China today restated its stand against McMahon Line on the India-China boundary, saying it is "illegal" even as the country sought alternative ways of solving the vexed border issue at an early date through "friendly consultations" so as to create more favourable conditions for bilateral ties.
"The Chinese side holds a consistent and clear position on the eastern section of the China-India boundary," foreign ministry spokesperson Hua Chunying said, reaffirming Beijing's claim that Arunachal Pradesh is a part of 'Southern Tibet'.
"The Chinese government does not recognise 'the McMahon Line', which is illegal," she said, reacting to national security advisor (NSA) Ajit Doval's remarks made on Friday at the K F Rustamji Memorial Lecture on the 50th anniversary of BSF's founding.
Doval, in his address on Friday, had said the settlement of the border issue is "critical" for India-China ties and called for a "larger plan" for "tackling" contentious matters.
"We are particularly concerned about the eastern sector where the claims have been made on Tawang (in Arunachal Pradesh) which is totally in contravention of accepted principles," Doval, also the special representative of Sino-India boundary talks, said even as he said ties with China are looking up.
"China's stand on the border dispute has been in complete contravention of accepted principles. They have accepted the McMohan Line while settling the border with Myanmar and then they say that the same line is not acceptable in case of India, particularly in Tawang. The settled population in these areas has been part of the national mainstream (of India) all through," Doval said.
The line that was agreed to by Britain and Tibet as part of the 1914 Simla Accord is named after Sir Henry McMahon, foreign secretary of the British-run government of India and the chief negotiator of settling disputes with China.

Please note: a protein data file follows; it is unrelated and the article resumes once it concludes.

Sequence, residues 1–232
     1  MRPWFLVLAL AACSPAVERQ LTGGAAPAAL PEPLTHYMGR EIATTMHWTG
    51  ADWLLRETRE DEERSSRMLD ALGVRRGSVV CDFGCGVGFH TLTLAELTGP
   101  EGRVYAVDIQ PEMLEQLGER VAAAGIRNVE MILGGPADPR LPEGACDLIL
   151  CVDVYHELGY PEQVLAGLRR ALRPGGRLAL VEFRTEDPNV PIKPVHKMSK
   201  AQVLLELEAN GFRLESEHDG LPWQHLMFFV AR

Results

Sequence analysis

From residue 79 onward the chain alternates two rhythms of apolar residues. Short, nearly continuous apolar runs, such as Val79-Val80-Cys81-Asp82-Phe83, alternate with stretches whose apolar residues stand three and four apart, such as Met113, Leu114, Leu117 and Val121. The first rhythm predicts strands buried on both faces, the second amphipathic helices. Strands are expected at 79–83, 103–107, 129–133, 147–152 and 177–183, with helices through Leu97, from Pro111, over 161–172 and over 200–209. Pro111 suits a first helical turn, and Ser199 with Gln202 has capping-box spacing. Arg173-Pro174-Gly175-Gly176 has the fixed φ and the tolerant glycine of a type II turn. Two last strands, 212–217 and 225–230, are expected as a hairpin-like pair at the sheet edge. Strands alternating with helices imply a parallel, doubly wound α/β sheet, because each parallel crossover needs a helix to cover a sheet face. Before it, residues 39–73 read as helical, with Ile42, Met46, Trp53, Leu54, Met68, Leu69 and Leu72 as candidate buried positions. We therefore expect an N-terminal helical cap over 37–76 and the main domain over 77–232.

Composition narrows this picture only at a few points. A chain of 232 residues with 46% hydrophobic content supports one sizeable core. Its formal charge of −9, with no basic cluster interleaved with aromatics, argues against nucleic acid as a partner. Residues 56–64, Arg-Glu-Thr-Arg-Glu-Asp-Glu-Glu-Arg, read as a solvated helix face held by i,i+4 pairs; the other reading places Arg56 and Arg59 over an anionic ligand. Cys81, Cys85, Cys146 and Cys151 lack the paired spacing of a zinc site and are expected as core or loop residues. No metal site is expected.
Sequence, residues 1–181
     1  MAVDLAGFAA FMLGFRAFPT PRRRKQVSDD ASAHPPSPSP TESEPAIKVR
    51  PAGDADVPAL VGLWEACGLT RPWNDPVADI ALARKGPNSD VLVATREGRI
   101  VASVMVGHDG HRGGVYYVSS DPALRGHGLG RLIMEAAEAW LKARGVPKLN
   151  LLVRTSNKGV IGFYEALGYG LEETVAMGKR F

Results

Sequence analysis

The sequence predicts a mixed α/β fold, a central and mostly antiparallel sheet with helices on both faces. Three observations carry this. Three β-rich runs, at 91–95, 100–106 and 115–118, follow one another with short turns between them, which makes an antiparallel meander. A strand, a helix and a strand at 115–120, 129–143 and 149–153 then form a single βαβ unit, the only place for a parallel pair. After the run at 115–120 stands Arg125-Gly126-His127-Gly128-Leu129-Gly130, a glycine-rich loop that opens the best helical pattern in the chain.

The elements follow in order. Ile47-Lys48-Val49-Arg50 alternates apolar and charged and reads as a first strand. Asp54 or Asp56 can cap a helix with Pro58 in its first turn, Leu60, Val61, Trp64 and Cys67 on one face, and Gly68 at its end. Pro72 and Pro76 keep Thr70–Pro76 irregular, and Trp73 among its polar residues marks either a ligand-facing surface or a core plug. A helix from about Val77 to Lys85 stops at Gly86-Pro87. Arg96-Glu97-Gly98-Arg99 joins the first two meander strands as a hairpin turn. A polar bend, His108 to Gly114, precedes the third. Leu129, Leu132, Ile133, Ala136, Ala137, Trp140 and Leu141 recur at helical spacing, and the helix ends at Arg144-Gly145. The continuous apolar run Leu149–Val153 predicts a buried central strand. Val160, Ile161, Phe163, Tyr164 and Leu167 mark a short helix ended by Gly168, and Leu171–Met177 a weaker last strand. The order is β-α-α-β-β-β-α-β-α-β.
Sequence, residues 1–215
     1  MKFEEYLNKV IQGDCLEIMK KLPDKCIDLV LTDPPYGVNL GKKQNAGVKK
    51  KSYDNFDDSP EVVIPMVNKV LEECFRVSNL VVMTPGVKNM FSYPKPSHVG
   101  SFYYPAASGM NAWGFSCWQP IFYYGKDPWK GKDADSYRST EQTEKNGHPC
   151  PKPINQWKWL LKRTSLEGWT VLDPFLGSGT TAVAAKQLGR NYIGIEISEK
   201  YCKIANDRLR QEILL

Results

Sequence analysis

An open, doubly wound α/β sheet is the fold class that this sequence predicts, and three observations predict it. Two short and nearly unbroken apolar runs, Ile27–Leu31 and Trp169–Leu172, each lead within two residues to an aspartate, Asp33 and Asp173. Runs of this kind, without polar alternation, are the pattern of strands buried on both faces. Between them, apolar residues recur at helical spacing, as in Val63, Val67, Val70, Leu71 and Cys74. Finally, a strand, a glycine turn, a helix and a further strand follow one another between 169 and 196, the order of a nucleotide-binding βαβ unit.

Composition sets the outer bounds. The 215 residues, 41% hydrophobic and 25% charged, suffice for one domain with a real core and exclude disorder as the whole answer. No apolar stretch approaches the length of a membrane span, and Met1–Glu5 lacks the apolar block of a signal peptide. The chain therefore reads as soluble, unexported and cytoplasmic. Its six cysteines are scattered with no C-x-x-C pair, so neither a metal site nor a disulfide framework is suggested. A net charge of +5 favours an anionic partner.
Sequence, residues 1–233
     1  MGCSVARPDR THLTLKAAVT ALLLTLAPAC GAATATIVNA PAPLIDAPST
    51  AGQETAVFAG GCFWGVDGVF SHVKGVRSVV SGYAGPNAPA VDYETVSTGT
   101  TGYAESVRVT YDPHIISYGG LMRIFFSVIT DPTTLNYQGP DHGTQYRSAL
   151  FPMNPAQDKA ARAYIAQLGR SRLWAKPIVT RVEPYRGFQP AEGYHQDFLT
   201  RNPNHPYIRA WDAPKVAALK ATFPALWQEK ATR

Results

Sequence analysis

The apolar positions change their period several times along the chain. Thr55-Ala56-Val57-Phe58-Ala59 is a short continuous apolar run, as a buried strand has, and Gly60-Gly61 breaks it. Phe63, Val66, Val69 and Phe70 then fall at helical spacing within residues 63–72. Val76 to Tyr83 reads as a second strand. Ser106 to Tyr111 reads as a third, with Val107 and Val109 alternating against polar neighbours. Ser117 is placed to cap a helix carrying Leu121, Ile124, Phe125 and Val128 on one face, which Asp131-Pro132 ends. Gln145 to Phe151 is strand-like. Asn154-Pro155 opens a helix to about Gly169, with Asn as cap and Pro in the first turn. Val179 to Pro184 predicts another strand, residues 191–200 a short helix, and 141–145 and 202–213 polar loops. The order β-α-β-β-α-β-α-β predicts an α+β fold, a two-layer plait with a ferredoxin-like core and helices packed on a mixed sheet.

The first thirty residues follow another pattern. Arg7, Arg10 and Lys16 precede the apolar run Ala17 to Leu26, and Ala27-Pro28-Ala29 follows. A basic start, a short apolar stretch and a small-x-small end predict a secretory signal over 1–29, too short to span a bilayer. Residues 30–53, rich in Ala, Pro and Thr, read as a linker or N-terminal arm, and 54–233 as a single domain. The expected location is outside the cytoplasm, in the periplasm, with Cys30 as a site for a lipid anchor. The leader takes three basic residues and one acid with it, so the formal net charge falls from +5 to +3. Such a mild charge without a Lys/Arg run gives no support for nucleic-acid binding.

"We have got a very long border, we have got 3,488km long border, a very difficult and mountainous terrain snow-clad... now for the bilateral relations with China, border is the critical and vital issue," Doval said.
Doval, however, cautioned that India could not ignore the dispute. "We have to settle this dispute. China is an important country for us. It is one of the world's largest economies. It has got a long border with us. It has a special relationship with Pakistan. Both these countries are nuclear and not the kind of democracies that we are," Doval said.
Hua skirted Doval's assertion that China recognised the McMahon Line in the case of Burma but not when it came to the Indian border.
She said "it is not easy to resolve the China-India boundary question, as it is an issue left over from history".
Eighteen rounds of talks between India-China so far to resolve the dispute "made important progress, laying a solid foundation for the continuous and steady growth of China-India relations", she said.
"During Indian Prime Minister Narendra Modi's recent visit to China, the two sides reaffirmed their commitment to a fair, reasonable and mutually acceptable solution to the boundary question by pressing ahead with the process of the special representatives' meeting," Hua added.